Validation of the vibrating hammer for soil compaction control

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dc.contributor.advisor Dr. George Fanourakis en_US
dc.contributor.author Lange, Desmond Peter
dc.date.accessioned 2012-02-06T06:41:28Z
dc.date.available 2012-02-06T06:41:28Z
dc.date.issued 2012-02-06
dc.date.submitted 2005
dc.identifier.uri http://hdl.handle.net/10210/4332
dc.description M.Tech. en_US
dc.description.abstract There is a general lack of understanding of the laboratory compaction test based on the vibrating hammer method. The impact method of testing soil in the laboratory is conservatively used by engineers for design and construction control purposes even when the specified mode of compaction on site is vibratory. Furthermore, the effects of vibratory compaction are not fully understood, and hence this mode of compaction in the field has not always been effectively utilized. The objective of this research project was to determine whether the vibrating hammer method could be used in the laboratory for design and control purposes, through an investigation of its operating characteristics, and a comparison of its effectiveness against that of the impact method, following a study of the compaction properties of a range of different soils used in road and embankment construction. The results of the study showed that the vibrating hammer can be used in place of impact in the laboratory for non-cohesive soils and gravels. In one instance, vibratory compaction produced maximum dry densities for a decomposed granite which were almost 5 % higher than that for impact compaction. Cohesive soils reached maximum compaction at moisture contents which were 7 % wetter under the vibratory mode as opposed to those for impact, but at lower densities. This showed that field densities under vibratory compaction would be difficult to achieve when the laboratory control method was based on impact. The research showed that electrical power input to the vibrating hammer must be carefully regulated in order to maintain specified standards which are based on a fixed frequency. Further study based on operation at different frequencies would be required to determine whether the vibrating hammer would be suitable for cohesive soils having natural frequencies lower than the current standard specified. en_US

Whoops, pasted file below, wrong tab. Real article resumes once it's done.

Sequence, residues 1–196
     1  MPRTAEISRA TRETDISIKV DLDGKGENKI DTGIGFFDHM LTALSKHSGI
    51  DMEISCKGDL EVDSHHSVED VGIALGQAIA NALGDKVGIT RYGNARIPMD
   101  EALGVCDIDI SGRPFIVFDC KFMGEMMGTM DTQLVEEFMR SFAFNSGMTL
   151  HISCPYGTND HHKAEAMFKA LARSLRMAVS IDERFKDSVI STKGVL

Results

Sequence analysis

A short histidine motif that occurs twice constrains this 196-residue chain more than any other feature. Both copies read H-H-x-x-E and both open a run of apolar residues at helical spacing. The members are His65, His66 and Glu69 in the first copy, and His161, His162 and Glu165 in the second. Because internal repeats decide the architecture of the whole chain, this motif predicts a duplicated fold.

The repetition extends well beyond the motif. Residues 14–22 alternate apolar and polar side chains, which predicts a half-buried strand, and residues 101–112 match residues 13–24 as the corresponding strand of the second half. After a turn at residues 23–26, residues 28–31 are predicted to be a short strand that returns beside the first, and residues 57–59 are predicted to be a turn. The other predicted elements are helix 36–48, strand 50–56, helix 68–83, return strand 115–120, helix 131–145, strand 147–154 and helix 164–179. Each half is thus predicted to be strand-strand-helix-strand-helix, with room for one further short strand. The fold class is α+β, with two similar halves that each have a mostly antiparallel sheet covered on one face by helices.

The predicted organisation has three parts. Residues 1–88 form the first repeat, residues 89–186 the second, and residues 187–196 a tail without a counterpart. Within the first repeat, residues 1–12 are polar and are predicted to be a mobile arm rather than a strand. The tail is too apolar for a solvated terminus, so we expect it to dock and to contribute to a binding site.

dc.language.iso en en_US
dc.subject Soil compaction en_US
dc.subject Soil stabilization en_US
dc.subject Vibratory compacting en_US
dc.title Validation of the vibrating hammer for soil compaction control en_US
dc.type Thesis en_US

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